What happens when you couple a YouTube sensation with actual scientific information that helps us better understand the physical world around us? What you have is a fantastic learning opportunity, and a chance to change people’s lives as they develop a thirst for knowledge and a willingness to take a hands-on, participatory approach. Television programs such as Numb3rs (http://www.cbs.com/primetime/numb3rs/ ) and Bones (http://www.fox.com/bones/ ) make math and forensic anthropology suddenly amazingly revelatory. They give people a new way to see the world.
Here’s an example. Do you remember the summer of 2006 Diet Coke and Mentos craze? I remember jogging on a sidewalk bordering a par 3 golf course near where I live. It was littered with Mentos wrappers and 2-liter Diet Coke bottles. At first I didn’t know what it was about. Then I realized it was all about playing the cool mad scientist, creating exciting explosions.
What was the cause? Perhaps you remember the YouTube sensation -- EepyBird.com (Entertainment for the Curious Mind) had posted “Experiment #137,” a wild experiment using 200 liters of Diet Coke and countless Mentos to create an intricate choreography of effervescing fountains, which was billed as a mini-Bellagio. The spectacular bursts of foam and liquid were accompanied by wonderfully retro techno, reminding one of “She Blinded Me With Science” (Thomas Dolby) or “We Are the Robots” (Kraftwerk). The video was posted and reposted on YouTube (http://www.youtube.com/watch?v=hKoB0MHVBvM ) and was embedded in websites and e-mails throughout the world.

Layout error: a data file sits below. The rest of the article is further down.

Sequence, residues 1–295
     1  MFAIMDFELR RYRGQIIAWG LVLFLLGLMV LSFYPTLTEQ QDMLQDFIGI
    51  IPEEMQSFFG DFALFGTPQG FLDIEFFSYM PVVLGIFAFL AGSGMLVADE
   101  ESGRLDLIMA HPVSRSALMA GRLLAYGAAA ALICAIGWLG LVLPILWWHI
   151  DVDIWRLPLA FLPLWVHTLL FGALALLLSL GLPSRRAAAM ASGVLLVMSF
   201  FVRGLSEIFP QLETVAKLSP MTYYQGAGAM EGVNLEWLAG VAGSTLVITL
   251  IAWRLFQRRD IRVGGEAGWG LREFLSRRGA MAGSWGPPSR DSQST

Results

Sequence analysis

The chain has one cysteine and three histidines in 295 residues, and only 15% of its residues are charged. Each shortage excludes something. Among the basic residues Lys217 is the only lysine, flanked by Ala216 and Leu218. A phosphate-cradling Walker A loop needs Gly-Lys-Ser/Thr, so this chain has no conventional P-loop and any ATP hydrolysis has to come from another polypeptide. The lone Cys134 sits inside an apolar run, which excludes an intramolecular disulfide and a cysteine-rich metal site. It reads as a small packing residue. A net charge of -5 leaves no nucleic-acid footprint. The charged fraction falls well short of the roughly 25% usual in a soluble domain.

EepyBird.com’s next production was a euphorically successful “domino effect” -- Experiment #214.
Hosted by google video, almost 5 million viewers have logged in to see how 251 bottles of Diet Coke and 1,506 boxes of Mentos create explosions of liquid, not fire. It’s refreshing to see this rather than fireworks.
And yet, if one watches the videos alone, it’s somehow unsatisfying. What’s missing? It’s the explanation. They never say HOW or WHY the reactions happen.
The answers came one night in an unexpected way. The boxed set of DVDs I had ordered had arrived. I was watching Season Two of Numb3rs when the characters in the series re-enacted the Mentos and Diet Coke experiment for an Applied Math course, and accompanied the explosions with an explanation. The answer involves surface tension. There is extreme change upon the sudden introduction of a highly irregularly micro-pitted gum Arabic and gelatin disc into a liquid under pressure (due to the carbonation), where the only way for gas to escape is through a narrow neck after the contact of the two creates a rapid phase change. The way the surface tension changes is explained here. An alternative explanation is provided by AeonFlux (http://www.aeonflux.com/ /) than a person we can relate to. AeonFlux characters tend to be projections of fantasies and alter egos. On the other hand, human beings with human frailties make you feel as though the knowledge they are imparting is achievable as are their skills.